Only human beings read. The great Greek philosopher Aristotle thought the distinguishing feature of people is their ability to use language. And humans use their unique language ability to think, speak, write, and read.

From a historic Christian perspective, the idea of human exceptionalism is grounded in the biblical truth that people are made in the image of God (Genesis 1:26–27). This imago Dei endowment makes people capable of hunting and gathering truth. And since Christians affirm a propositional (words, statements) revelation from God in the Bible, they join with the Jewish tradition as People of the Book. Thus, reading is a great gift and privilege, but one may also argue that it is a responsibility according to our profound created nature.

12 Book Favorites

This is part one of a three-part series on some of my favorite books. The topics cover theology, philosophy, apologetics, and education. I also note how the books have been helpful to me. The books are listed in alphabetical order, not order of preference:

1. Confessions by St. Augustine

This is St. Augustine’s most famous book and one of the most important Christian books in history. Augustine’s autobiography actually created the genre of biographical writings in Western civilization. Thus, this book is both a Christian and literary classic and appears in all the great books reading programs. The title, Confessions, is understood in a triple sense: confession of sin, confession of a newfound faith, and confession of the glory of God. When I read this book, I benefit from Augustine’s great wisdom as a Christian philosopher and theologian. But personally, I feel I’m reading the words of an empathetic Christian friend and counselor.

2. God and Reason by Ed L. Miller

This book is a thorough introduction to the topic of philosophical theology. Miller explores the issues of the traditional arguments for God (cosmological, teleological, ontological, moral), religious experience, faith and reason, the problem of evil, the soul and immortality, and God and language. Miller, though a Christian by conviction, presents a fair and objective discussion of all topics. God and Reason has been a very helpful work to me as I have taught and written on various issues relating to God and philosophy.

3. Handbook of Basic Bible Texts by John Jefferson Davis

In this book, Christian theologian John Jefferson Davis takes every critical Scripture passage for the study of Christian doctrine and divides them according to the categories of systematic theology. This book thus contains all of the key passages that address basic Christian theological topics. Davis’s book is the most helpful work I’ve used in my research and study of Scripture and theology. When I write and speak on biblical and theological topics, I always utilize this very helpful volume.

4. How to Read a Book by Mortimer by J. Adler and Charles Van Doren

This book is a best-selling contemporary classic on the topic of reading. It explores all phases of reading, including elementary, skimming, analytical, and syntopical. It provides guidance in reading all kinds of books. How to Read a Book revolutionized my understanding of reading and became one of the most important books that I have ever read. I learned so much from this work that I return to it yearly for continuous review and study of the art and science of reading.

So these are four of my favorite and most useful books. In part two of this series, I’ll discuss four more on my list of a dozen favorite books.

From the Latin Tolle lege, I invite you to take up and read!

Reflections: Your Turn

What are some of your favorite books? Visit Reflections on WordPress to comment with your response.

Resources

Check out more from Dr. Kenneth Samples @Reasons.org

About The Author

Kenneth R. Samples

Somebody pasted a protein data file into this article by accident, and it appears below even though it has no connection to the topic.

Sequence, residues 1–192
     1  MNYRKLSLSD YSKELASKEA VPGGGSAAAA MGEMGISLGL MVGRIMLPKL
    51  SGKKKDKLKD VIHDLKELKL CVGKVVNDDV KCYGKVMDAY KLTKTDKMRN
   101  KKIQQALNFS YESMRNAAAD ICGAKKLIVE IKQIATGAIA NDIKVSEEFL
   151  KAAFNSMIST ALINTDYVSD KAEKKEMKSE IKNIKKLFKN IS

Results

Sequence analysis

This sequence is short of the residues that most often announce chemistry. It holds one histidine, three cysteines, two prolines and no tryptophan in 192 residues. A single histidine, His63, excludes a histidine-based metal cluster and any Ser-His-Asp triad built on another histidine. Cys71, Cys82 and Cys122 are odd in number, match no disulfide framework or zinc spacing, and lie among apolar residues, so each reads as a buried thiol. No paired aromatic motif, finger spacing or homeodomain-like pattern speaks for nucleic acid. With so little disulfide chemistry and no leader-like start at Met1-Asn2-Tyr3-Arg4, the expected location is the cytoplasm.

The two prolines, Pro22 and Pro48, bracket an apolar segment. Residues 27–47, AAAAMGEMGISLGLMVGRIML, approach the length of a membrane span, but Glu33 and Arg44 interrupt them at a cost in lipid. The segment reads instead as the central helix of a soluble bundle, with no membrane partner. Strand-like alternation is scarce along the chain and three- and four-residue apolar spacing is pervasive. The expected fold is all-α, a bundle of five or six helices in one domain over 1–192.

I believe deeply that "all truth is God’s truth." That historic affirmation means that when we discover and grasp truth in the world and in life we move closer to its divine Author. This approach relies on the Christian idea of God’s two revelatory books - the metaphorical book of nature and the literal book of Scripture. As an RTB scholar I have a great passion to help people understand and see the truth and relevance of Christianity's truth-claims. My writings and lectures at RTB focus on showing how the great doctrinal truths of the faith (the Trinity, the Incarnation, the Atonement, creation ex nihilo, salvation by grace, etc.) are uniquely compatible with reason. This approach reflects the historic Christian apologetics statement - "faith seeking understanding." I work to help myself and others fulfill Peter's words in 2 Peter 3:18: "But grow in the grace and knowledge of our Lord and Savior Jesus Christ. To him be glory both now and forever! Amen." As an RTB scholar I have a great passion to help people understand and see the truth and relevance of Christianity's truth-claims. • Biography • Resources • Upcoming Events • Promotional Items Kenneth Richard Samples began voraciously studying Christian philosophy and theology when his thirst for purpose found relief in the Bible. He earned his undergraduate degree in philosophy and social science from Concordia University and his MA in theological studies from Talbot School of Theology. For seven years, Kenneth worked as Senior Research Consultant and Correspondence Editor at the Christian Research Institute (CRI) and regularly cohosted the popular call-in radio program, The Bible Answer Man, with Dr. Walter Martin. As a youth, Kenneth wrestled with "unsettling feelings of meaninglessness and boredom," driving him to seek answers to life's big questions. An encounter with Christian philosophy in Mere Christianity by C. S. Lewis led Kenneth to examine the New Testament and "finally believe that Jesus Christ is the divine Son of God, the Lord and Savior of the world." From then on, he pursued an intellectually satisfying faith. Today, as senior research scholar at Reasons to Believe (RTB), Kenneth uses what he's learned to help others find the answers to life's questions. He encourages believers to develop a logically defensible faith and challenges skeptics to engage Christianity at a philosophical level. He is the author of Without a Doubt and A World of Difference, and has contributed to numerous other books, including: Lights in the Sky and Little Green Men, The Cult of the Virgin, and Prophets of the Apocalypse. He has written articles for Christianity Today and The Christian Research Journal, and regularly participates in RTB's podcasts, including Straight Thinking, a podcast dedicated to encouraging Christians to utilize sound reasoning in their apologetics. He also writes for the ministry's daily blog, Today’s New Reason to Believe. An avid speaker and debater, Kenneth has appeared on numerous radio programs such as Voice America Radio, Newsmakers, The Frank Pastore Show, Stand to Reason, White Horse Inn, Talk New York, and Issues Etc., as well as participated in debates and dialogues on topics relating to Christian doctrine and apologetics. He currently lectures for the Master of Arts program in Christian Apologetics at Biola University. Kenneth also teaches adult classes at Christ Reformed Church in Southern California. Over the years Kenneth has held memberships in the American Philosophical Association, the Evangelical Philosophical Society, the Evangelical Theological Society, and the Evangelical Press Association. The son of a decorated World War II veteran, Kenneth is an enthusiastic student of American history, particularly the Civil War and WWII. His favorite Christian thinkers include Athanasius, Augustine, Pascal, and C. S. Lewis. He greatly enjoys the music of the Beatles and is a die-hard Los Angeles Lakers fan. Kenneth lives in Southern California with his wife, Joan, and their three children.